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Applying "Digital Hub" Concepts to Enterprise Software Design, Part 5
Pages: 1, 2, 3, 4

The DataItem Class

Next, we are going to create a class to store a weather data item. The class will not have any methods but will have instance variables for the data, the measureType, and the date that the measurement was taken.

  1. Right-click (or Control-click) the Classes folder in the left panel of your project (you may need to expand the EnterData group) and choose Add -> New File....

    Right-click (or Control-click) the Classes folder in the left panel of your project (you may need to expand the EnterData group) and choose Add -> New File....
  2. Under the Cocoa section, choose the Objective-C Class type and click Next.

  3. Name the file DataItem.m and click Finish.

    Name the file DataItem.m and click Finish.
  4. Find the DataItem.h file that was just created in Xcode, and modify it to match the following:

    /*
        Contains the data associated with a measurement item.
    */
    
    #import <Cocoa/Cocoa.h>
    
    
    @interface DataItem : NSObject {
        
        NSString *theData;         // Value of measurement data
        NSString *typeName;        // Type of the data
        NSCalendarDate *timeTaken; // Timestamp
    }
    
    @end

    The above header should be pretty self-explanatory, even if the Objective-C syntax is new to you. We are simply creating string variables for the data and type names that we will store, and a date variable for the time the data was taken.

    The class file will be pretty simple, too. There will be an init method that allocates memory for the timeTaken variable when the DataItem object is created, and a dealloc method that releases the memory when the object is destroyed.

  5. Replace the contents of DataItem.m with the following:

    #import "DataItem.h"
    
    @implementation DataItem
    
    - (id)init
    {
        if (self = [super init]) {
            timeTaken = [[NSCalendarDate alloc] init];
        }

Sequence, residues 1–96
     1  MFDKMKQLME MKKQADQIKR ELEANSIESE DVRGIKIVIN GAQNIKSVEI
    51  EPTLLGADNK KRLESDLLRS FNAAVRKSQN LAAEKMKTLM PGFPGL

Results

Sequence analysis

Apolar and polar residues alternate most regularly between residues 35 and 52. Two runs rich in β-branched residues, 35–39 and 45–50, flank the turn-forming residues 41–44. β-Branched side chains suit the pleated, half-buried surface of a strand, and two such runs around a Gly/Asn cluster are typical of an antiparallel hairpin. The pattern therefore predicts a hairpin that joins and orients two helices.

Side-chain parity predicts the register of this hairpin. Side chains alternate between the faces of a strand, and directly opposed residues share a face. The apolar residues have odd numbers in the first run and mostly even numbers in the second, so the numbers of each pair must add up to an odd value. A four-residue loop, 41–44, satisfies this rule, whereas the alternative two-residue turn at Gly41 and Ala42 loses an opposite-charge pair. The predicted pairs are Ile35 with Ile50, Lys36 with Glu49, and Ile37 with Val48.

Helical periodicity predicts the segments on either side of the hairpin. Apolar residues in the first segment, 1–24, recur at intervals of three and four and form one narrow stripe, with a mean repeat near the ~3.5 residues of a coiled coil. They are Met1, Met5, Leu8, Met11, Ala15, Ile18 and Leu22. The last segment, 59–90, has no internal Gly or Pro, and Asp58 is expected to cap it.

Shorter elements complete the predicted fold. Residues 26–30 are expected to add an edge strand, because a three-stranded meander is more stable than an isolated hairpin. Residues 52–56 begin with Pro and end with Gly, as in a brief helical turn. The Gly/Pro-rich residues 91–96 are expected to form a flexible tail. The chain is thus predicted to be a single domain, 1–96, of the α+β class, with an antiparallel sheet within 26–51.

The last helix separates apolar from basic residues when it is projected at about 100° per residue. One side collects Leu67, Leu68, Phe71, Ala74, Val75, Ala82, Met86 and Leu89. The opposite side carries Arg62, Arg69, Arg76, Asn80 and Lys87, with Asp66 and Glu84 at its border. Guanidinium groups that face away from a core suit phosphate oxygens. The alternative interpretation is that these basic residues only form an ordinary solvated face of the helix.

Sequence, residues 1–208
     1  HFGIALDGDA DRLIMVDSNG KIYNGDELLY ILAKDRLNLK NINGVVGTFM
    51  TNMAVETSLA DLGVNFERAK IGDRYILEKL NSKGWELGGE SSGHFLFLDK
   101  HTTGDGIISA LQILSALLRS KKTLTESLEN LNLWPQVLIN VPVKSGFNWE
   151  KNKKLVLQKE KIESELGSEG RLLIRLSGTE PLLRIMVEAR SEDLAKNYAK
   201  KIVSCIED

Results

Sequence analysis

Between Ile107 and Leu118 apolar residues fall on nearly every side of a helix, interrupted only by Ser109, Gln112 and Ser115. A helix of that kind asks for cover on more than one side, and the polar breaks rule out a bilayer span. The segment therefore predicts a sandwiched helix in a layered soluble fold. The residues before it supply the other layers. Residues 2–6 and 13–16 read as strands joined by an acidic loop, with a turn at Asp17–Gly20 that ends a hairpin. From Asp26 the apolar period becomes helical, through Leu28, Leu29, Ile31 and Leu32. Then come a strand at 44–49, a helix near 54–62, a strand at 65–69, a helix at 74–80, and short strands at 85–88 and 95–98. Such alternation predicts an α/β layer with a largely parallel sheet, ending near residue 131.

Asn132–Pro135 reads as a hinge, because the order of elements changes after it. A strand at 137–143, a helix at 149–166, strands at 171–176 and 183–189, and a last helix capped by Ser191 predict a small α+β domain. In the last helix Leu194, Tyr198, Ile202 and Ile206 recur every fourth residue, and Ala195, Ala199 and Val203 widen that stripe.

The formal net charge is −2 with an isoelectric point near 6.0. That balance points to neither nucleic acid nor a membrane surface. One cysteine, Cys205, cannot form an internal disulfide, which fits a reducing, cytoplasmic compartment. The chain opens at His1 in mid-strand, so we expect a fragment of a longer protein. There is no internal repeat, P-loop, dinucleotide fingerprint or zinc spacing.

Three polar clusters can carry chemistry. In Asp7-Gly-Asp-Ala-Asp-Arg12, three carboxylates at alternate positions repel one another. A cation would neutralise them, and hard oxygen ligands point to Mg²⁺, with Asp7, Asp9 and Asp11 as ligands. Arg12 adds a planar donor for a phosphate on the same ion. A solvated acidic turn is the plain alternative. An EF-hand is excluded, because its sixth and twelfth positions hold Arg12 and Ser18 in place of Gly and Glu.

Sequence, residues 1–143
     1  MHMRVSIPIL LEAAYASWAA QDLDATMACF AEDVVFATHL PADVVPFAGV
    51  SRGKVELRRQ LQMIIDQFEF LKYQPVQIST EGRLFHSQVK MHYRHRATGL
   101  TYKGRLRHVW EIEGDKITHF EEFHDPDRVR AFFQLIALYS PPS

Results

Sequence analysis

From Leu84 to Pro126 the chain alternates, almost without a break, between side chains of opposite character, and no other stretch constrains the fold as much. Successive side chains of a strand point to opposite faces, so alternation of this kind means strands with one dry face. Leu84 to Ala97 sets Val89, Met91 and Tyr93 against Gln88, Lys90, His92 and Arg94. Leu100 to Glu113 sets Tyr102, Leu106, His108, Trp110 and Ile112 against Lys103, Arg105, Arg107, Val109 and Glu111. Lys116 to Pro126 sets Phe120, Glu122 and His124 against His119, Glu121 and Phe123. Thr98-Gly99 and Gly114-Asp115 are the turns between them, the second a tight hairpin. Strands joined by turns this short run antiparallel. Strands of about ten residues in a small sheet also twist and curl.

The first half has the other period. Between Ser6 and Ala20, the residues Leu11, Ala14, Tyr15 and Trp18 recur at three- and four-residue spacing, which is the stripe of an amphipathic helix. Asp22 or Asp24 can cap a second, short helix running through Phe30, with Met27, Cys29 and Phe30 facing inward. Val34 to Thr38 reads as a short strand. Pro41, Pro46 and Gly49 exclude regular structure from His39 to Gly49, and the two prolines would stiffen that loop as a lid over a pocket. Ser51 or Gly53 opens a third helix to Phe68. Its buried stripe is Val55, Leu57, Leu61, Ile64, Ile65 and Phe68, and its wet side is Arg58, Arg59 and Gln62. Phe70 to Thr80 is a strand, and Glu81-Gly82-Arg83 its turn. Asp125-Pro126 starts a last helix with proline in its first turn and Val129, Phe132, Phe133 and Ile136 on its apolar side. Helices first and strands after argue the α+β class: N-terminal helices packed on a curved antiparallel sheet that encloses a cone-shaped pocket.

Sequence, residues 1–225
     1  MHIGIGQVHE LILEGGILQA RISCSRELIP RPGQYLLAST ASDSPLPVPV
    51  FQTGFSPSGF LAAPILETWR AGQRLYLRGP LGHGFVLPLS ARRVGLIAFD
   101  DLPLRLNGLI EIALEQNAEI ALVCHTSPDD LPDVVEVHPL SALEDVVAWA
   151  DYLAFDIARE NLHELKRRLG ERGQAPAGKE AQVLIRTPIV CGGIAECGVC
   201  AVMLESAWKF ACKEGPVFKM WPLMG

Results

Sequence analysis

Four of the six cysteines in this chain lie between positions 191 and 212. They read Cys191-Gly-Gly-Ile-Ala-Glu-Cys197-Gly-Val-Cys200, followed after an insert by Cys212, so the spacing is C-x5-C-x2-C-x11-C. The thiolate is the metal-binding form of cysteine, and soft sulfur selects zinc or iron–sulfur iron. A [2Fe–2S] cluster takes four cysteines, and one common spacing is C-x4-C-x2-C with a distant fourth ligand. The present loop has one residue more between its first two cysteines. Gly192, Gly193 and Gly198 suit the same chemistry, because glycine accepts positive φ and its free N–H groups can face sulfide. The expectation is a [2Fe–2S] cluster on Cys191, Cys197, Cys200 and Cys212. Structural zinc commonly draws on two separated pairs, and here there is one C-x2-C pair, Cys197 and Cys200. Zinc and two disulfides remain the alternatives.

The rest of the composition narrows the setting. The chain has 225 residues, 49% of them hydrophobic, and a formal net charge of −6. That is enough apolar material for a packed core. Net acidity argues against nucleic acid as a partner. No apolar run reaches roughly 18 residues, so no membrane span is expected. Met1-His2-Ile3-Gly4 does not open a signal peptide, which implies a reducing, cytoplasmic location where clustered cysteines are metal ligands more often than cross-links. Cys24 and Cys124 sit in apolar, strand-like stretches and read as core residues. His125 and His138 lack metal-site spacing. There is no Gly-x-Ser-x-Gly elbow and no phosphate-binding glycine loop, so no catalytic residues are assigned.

return self;
    }
    
    - (void)dealloc
    {
        [timeTaken release];
        [super dealloc];
    }
    
    @end
  6. If you would prefer to download the code, here are the links: DataItem.h and DataItem.m.

Laying out the User Interface

  1. Find and double-click MyDocument.nib in Xcode. You can find it in the Resources group or use search to find it. Double-clicking the .nib file will automatically launch Interface Builder. To avoid a cluttered screen, I recommend that you hide all of the applications on your screen except Interface Builder. You can do this by holding down the Option key together with the Apple key and then clicking the Interface Builder icon.

  2. Select the text that says "Your document contents here" and press delete to remove it.

  3. Choose Show Info in the Tools menu do display the attributes of the selected object. The info panel should be labeled "NSWindow," as the window is the only item that can currently be modified.

  4. Check the "Has texture" checkbox to give the window a metal appearance.

    Check the "Has texture" checkbox to give the window a metal appearance
  5. Interface Builder has a palette full of user interface elements that can be dragged onto your window. Find the palette containing Cocoa Text Controls and drag a text field to your textured window.

  6. Switch to the Cocoa Controls and Indicators palette and drag a pop-up menu and an aqua button over the interface. Arrange the user interface elements to look like the following screen shot. Notice that as you are moving elements around, blue guides with help you align the elements to match Apple's standards.

    Switch to the Cocoa Controls and Indicators palette and drag a pop-up menu and an aqua button over the interface.
  7. Double-click the button and change its text to "Add".

  8. While the button is selected, notice that the information panel has changed to show the attributes for the NSButton class. Use the drop-down menu next to "Key Equiv:" to set Return as the keyboard shortcut for your Add button. Notice that this causes the button to appear blue instead of clear.